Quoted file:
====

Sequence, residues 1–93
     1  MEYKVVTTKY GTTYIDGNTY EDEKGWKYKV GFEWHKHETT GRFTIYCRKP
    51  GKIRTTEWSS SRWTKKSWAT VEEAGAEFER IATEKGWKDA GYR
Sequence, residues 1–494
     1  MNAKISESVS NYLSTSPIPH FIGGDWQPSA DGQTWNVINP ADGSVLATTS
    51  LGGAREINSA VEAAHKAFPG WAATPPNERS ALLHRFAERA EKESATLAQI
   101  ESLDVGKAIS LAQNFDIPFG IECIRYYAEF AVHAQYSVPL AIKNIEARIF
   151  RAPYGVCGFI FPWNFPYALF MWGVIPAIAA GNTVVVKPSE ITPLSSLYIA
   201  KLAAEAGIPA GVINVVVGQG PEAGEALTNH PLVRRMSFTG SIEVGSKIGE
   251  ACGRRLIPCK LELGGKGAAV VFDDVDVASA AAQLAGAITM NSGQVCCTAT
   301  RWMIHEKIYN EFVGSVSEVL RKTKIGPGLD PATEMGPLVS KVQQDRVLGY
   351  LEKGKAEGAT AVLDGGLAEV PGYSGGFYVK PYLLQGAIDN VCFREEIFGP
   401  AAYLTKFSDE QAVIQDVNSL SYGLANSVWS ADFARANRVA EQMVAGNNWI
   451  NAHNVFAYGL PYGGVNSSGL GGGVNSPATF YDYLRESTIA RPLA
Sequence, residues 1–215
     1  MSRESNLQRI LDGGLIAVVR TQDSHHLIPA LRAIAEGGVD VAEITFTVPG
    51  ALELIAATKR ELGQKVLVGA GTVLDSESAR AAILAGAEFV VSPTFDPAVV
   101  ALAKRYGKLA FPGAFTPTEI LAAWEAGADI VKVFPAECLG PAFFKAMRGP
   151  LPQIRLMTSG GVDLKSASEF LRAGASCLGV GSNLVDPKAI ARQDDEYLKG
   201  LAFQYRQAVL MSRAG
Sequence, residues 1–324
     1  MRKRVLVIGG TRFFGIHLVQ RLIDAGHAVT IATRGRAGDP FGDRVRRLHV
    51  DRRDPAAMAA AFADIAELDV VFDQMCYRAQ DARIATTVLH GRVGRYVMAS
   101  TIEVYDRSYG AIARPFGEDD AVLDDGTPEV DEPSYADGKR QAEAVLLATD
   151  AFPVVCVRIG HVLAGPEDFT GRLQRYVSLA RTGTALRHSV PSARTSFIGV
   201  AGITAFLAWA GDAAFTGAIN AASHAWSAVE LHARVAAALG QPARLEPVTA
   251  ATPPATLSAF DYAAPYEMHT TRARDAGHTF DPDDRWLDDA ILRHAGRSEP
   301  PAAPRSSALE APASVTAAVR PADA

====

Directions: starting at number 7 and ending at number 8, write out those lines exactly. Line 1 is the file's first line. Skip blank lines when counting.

   101  ESLDVGKAIS LAQNFDIPFG IECIRYYAEF AVHAQYSVPL AIKNIEARIF
   151  RAPYGVCGFI FPWNFPYALF MWGVIPAIAA GNTVVVKPSE ITPLSSLYIA